How can there be a true history?


By Lindsey Davis, published 14th May 2013

"How can there be a true history, when we see no man living is able to write truly the history of the last week?" (Thomas Shadwell)

Indeed! Once when I had to give a talk in Spain, I found this quotation by looking up ‘history' in the Oxford English Dictionary. The author is a picaresque seventeenth century dramatist. As I should have known, though I could only think of Shadwell as a station on the Docklands Light Railway, I Googled him. There you can glimpse my approach: curiosity about the past, placing historical figures in context, the importance of locations. For research I used a traditional resource plus a modern one and, ultimately, my choice of the quote appealed to the student of English in me.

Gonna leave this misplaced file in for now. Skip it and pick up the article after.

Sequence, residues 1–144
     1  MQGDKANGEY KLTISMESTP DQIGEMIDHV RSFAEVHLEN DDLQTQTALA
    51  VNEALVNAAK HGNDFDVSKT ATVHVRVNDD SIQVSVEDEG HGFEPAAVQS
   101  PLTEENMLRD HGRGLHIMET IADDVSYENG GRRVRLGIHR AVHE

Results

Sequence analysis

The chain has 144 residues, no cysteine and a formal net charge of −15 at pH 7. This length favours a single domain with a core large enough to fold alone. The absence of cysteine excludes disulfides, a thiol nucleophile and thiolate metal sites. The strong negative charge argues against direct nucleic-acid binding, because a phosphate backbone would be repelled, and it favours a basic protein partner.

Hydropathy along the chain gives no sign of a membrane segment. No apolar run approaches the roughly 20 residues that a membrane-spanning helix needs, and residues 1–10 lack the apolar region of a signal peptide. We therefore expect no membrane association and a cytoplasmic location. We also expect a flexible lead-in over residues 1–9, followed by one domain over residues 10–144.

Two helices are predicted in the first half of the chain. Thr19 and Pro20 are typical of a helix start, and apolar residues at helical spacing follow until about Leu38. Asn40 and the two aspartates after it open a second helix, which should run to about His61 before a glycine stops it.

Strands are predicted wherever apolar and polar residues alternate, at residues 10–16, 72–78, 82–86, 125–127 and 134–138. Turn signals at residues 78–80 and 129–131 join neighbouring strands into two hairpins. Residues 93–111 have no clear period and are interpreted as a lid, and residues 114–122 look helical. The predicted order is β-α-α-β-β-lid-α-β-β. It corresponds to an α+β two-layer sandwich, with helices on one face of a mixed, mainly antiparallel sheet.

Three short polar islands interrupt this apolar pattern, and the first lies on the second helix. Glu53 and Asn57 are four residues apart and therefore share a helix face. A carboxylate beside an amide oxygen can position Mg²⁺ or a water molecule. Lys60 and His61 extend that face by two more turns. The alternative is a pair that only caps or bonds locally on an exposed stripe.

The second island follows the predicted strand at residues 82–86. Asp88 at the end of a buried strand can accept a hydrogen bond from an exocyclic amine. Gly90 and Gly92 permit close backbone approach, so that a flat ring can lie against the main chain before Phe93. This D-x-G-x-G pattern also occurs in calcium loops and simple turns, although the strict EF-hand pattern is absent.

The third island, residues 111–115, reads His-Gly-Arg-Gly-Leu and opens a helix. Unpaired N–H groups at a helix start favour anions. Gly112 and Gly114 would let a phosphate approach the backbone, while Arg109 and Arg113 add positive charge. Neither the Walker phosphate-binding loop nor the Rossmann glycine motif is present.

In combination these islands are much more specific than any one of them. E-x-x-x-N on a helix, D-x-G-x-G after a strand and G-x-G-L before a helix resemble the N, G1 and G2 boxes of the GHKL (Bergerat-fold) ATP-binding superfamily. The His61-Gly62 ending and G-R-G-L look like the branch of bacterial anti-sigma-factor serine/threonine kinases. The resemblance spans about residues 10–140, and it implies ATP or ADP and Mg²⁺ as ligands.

Although grounded in ‘Eng Lit and Lang', when I began to write professionally, I always wanted to be a historical novelist; no  alternative ever appealed. I didn't know then that you only get taken seriously if you are either a literary author who decides to slum it in costume for a few quick bucks or a professor of history - "Look at me, a Famous Man, lowering myself to write a novel about a Famous Man!" They are a bit one-track-minded, novelist profs; it's always Alexander being Great, never the boy who files Bucephalus' hooves. I, by contrast, might actually find mileage in Antinoos' life when he was only a Theban shepherd, before Hadrian happened along... Luckily I have managed to get a fair way without being taken seriously and now I am asked to tell you about it, so maybe things are looking up...

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